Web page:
Your Data is Your “Book of Insurance.” Do You Have One?
By: Tiffany Hosey, Esquire, CEO/Founder CTBIM
When I landed my first legal job, I was cautioned by one of my law school professors to keep records of every communication, oral and written, everything I did, to document anything of import, in case something happened. She called it a “book of insurance.” When I started working in construction, I quickly realized how smart my law school professor was! I learned that the same concept of a “book of insurance” could help ensure that all project stakeholders operated from the same corpus of information and could drive efficiencies for everyone.
A “book of insurance” in construction is basically a repository of evidence that documents things like when materials are received onsite and when build activities are completed, date and time stamped pictures of completed build activities and concurrent automatic calculations of subcontractor budget dollars earned throughout the construction process, among other things. The collection of real time data could result in minimizing claims disputes when one subcontractor causes damage to another subcontractor’s perfectly completed work. Similarly, when a subcontractor presents a pay application to a general contractor, asserting a claimed percentage of completion, real time data collected during construction could either support or rebut the claimed percentage.
Let me add some color to this based on my own firsthand experience. When I worked as a subcontractor on a large vertical project, our company had two other subcontractors under our company, which meant our paperwork was always a chore. When pay applications were due, we would spend a few days gathering information from our subcontractors regarding the work they completed during that period and what information was needed to complete the invoicing. I soon discovered that the information about the claimed completed build activities was never precise or complete. This lack of precision made the process of completing the applications, tedious and time consuming. From accurately calculating the amount of materials received during each pay period, to deriving the percentage of work completed, it took hours to complete the paperwork!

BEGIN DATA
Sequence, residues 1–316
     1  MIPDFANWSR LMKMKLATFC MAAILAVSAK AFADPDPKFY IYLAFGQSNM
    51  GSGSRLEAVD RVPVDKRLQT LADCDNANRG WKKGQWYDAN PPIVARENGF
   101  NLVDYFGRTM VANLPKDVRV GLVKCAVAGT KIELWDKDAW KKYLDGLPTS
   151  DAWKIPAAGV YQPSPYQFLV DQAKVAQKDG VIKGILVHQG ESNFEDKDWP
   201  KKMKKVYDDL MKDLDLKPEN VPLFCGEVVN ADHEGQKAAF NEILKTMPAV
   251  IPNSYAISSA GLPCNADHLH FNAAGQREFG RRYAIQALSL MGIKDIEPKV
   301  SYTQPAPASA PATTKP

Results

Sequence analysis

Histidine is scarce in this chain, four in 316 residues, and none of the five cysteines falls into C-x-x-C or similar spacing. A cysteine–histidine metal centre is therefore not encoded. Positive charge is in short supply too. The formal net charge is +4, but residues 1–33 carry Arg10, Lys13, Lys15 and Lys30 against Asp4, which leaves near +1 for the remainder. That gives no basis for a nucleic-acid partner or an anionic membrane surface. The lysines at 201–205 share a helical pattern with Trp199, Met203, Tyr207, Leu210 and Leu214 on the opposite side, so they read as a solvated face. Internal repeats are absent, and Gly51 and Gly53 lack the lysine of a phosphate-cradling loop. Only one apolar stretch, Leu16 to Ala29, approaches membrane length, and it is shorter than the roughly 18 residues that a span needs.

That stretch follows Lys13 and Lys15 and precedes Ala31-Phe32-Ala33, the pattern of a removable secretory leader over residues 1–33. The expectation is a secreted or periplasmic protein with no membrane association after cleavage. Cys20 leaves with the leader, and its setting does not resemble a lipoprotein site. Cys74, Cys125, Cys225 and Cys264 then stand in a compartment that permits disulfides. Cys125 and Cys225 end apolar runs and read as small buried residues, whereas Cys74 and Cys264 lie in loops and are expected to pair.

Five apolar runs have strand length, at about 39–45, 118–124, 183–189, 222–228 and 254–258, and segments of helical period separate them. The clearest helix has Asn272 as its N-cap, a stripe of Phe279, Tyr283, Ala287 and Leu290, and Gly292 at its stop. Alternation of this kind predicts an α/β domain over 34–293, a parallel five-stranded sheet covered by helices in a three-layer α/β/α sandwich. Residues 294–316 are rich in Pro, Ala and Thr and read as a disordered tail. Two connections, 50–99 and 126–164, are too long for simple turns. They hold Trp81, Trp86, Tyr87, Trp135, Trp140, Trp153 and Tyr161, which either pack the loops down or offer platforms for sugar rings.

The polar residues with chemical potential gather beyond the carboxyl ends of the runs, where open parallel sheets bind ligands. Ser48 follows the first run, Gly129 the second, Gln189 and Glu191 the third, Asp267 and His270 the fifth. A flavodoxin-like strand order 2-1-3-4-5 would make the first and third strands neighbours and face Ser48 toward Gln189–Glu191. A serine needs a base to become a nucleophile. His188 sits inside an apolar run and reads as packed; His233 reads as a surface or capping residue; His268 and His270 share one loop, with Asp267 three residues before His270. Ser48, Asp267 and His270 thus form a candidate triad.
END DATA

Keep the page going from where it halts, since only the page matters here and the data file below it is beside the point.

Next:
A similar challenge involved change orders. It was never clearly explained to anyone involved, on what information subcontractors based their calculations in order to derive the number of labor hours needed to complete build activities. Whenever I inquired how they arrived at the numbers, the response invariably started with words that scream subjectivity – “Based on my experience…”! Those numbers, however, were a material component of change orders, in addition to supporting the cost of materials and assets needed to complete the required new work. The process of completing change orders was wrought not only with highly imprecise calculations of labor hours and materials required for completion, but also a long process of negotiating the final cost of change orders with the general contractor. Negotiating change orders with an ever-rotating staff of project managers from the general contractor’s team, typically did not end until months after the work had been completed. Since we waited months for final negotiating and approval of the modifications, it is not unusual, I dare say typical, that subcontractors routinely settled changes orders for less than the full amount originally claimed. Desperate for revenues to pay staff, the protracted negotiating process resulted in our acceptance of a final change order cost that was equal to a significant discount on the original amount invoiced.